At Least 2,400 Killed in Bangladesh Cyclone; Food Airlifted to Survivors

Helicopters airlifted food to hungry survivors Monday while rescuers struggled to reach remote areas devastated by Bangladesh's worst cyclone in a decade, amid fears the death toll could be far higher than the official figure of 2,400.

The army helicopters carried mostly high-protein cookies supplied by the World Food Program, said Emamul Haque, a spokesman for the WFP office in Bangladesh's capital, Dhaka, which is coordinating international relief efforts.

International aid organizations promised initial packages of $25 million during a meeting with Bangladesh agencies Monday, Haque said.

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The official death toll from Tropical Cyclone Sidr reached 2,407 on Monday, according to the Disaster Management Ministry. However, local television stations said it had already passed 3,000, and there were fears it could be much higher.

The Bangladesh Red Crescent Society, the Islamic equivalent of the Red Cross, warned the toll could hit 10,000 once rescuers reach outlying islands, saying the estimate came from volunteers in rescue operations so far.

Grieving survivors had grim tales about losing loved ones during the night of the disaster.

In Galachipa, a fishing village along the coast in Patuakhali district, Dhalan Mridha and his family ignored the high cyclone alert issued by the authorities through radio and the Red Crescent volunteers.

When Mridha realized his mistake, it was too late.

"Just before midnight the winds came like hundreds of demons. Our small hut was swept away like a piece of paper and we all ran for shelter," said Mridha, a 45-year-old farm worker, weeping.

Mridha was separated from his wife, mother and two children while on his way to the shelter, a two-story building several blocks from his home. The next morning he found their bodies stuck up in a battered bush along the coast.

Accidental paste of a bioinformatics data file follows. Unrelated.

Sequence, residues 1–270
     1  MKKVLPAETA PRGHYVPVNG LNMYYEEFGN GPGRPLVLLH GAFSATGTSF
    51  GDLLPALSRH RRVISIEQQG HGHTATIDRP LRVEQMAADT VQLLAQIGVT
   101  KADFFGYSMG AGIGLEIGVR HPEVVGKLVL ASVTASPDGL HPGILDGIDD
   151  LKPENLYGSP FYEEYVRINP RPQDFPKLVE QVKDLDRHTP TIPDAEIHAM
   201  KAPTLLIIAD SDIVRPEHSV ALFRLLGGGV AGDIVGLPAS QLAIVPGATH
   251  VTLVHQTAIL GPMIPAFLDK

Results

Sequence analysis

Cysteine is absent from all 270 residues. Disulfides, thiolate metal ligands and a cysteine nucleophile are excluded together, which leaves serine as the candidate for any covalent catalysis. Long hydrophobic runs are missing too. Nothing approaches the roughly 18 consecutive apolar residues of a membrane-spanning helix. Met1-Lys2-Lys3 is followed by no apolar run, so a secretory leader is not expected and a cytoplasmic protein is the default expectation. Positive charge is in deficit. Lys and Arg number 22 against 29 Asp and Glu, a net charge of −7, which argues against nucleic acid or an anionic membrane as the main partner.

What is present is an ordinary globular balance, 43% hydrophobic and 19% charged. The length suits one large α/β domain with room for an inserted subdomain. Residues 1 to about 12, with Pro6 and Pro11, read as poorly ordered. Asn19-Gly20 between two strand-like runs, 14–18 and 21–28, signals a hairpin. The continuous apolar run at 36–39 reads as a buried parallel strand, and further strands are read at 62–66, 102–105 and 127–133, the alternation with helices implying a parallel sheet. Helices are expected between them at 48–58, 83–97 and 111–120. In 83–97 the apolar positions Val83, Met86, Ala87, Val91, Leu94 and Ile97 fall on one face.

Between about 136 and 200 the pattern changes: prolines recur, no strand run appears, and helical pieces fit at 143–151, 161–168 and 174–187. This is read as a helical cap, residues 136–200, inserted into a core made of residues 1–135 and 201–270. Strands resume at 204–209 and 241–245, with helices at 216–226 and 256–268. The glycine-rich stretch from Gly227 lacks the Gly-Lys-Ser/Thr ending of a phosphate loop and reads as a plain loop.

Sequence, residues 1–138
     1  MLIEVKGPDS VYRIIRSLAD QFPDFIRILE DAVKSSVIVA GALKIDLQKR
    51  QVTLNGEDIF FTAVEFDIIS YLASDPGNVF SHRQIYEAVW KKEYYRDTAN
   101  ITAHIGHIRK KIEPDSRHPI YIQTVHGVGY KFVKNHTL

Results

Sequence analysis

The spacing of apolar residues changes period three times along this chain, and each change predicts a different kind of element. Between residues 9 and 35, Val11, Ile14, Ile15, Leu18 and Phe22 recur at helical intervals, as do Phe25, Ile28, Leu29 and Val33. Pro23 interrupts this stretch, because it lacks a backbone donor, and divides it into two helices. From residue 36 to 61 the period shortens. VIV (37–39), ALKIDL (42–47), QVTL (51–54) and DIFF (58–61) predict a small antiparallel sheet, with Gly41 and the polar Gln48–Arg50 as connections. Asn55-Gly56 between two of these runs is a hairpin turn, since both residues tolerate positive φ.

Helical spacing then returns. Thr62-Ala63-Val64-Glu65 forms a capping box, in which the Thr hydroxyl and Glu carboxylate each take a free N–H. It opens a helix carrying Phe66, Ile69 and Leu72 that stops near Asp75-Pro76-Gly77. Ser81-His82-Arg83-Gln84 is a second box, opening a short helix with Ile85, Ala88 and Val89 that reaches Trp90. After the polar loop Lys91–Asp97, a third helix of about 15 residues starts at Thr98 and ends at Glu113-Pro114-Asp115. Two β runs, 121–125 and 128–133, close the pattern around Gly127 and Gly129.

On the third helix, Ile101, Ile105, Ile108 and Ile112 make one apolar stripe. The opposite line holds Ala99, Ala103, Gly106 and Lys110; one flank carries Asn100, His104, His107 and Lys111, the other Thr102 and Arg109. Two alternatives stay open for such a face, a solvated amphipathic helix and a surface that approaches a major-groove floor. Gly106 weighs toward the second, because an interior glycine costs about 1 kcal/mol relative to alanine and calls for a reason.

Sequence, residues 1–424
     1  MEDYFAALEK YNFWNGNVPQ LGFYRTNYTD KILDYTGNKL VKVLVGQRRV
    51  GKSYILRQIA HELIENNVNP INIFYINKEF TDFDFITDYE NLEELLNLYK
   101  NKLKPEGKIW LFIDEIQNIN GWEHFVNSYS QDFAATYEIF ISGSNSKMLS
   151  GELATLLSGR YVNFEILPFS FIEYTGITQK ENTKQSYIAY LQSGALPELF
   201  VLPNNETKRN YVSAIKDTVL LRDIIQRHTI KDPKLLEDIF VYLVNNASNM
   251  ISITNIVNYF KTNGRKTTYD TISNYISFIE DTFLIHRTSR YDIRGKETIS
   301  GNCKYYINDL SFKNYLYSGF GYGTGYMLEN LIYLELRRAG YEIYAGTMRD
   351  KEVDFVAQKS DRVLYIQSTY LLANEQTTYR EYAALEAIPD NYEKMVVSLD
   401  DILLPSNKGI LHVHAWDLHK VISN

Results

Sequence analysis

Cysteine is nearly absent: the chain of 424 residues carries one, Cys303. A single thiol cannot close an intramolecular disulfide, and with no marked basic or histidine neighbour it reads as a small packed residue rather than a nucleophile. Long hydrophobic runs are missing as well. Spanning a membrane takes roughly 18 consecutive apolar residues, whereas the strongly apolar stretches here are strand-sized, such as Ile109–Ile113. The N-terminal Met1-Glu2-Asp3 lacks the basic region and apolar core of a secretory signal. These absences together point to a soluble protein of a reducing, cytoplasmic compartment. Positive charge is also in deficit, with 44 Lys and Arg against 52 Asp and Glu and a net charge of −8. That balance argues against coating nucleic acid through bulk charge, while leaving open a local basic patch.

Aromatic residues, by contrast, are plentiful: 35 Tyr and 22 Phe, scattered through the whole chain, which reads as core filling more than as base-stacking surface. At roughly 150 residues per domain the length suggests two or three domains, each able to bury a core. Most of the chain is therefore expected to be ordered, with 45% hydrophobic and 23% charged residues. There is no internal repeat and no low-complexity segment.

Mridha said he was too exhausted even to cry for their loved ones.

Local media described much of the coast as a vast valley of death and destruction, and said many grieving families buried their relatives in the same grave because they lacked any adult male survivors to dig graves.

On Sunday, many hungry survivors scrambled for food as rescue workers cleared fallen trees and twisted roofs from roads to reach remote villages in a relief effort in which global aid groups have teamed up with the Bangladesh army.

Relief items like tents, rice and water have been slow to reach many.

Government officials defended the relief efforts so far, and expressed confidence that authorities are up to the task.

"We have enough food and water," said Shahidul Islam, the top official in Bagerhat, a battered district near the town of Barguna. "We are going to overcome the problem."

Disaster Management Secretary Aiyub Bhuiyan met with representatives from the United Nations and international aid groups Sunday to discuss the emergency response.

U.N. Secretary-General Ban Ki-moon said in a statement that several million dollars are available from the U.N.'s emergency response funds, depending on the need.

He expressed his "profound condolences to the people and government of Bangladesh for the many deaths and the destruction involved, and the full solidarity of the U.N. system at this time of crisis," the statement said.